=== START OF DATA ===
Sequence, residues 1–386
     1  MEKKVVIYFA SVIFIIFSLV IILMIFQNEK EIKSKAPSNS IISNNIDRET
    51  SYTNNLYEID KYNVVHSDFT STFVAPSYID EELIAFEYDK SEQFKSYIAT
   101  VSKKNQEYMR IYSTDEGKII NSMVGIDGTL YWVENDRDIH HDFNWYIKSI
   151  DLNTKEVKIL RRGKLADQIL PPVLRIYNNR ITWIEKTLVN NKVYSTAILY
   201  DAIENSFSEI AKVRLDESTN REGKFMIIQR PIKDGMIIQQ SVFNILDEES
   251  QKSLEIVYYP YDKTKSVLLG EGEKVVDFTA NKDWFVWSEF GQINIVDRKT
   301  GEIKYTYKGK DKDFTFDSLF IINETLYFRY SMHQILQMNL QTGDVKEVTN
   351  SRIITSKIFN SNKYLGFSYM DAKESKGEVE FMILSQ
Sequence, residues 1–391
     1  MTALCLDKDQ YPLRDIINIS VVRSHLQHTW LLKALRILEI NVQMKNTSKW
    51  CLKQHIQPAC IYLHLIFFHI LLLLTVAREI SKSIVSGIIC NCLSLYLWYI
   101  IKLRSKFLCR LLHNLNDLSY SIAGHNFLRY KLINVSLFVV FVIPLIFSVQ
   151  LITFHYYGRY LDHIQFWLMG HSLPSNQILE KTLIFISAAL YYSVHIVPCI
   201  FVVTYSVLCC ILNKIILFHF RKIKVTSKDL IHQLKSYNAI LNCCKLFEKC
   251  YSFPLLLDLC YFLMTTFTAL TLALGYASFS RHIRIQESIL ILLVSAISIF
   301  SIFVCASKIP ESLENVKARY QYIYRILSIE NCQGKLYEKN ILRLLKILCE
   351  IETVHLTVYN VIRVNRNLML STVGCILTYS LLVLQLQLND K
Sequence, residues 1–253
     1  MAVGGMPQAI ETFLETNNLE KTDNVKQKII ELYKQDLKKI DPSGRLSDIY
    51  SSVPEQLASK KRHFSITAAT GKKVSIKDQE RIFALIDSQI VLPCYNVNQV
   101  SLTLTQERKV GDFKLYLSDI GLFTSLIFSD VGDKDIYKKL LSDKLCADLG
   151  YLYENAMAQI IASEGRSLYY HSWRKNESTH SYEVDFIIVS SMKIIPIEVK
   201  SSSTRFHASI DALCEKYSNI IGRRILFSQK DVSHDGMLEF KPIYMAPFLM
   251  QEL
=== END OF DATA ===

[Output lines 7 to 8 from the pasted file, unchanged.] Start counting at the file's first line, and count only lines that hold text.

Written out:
   251  QKSLEIVYYP YDKTKSVLLG EGEKVVDFTA NKDWFVWSEF GQINIVDRKT
   301  GEIKYTYKGK DKDFTFDSLF IINETLYFRY SMHQILQMNL QTGDVKEVTN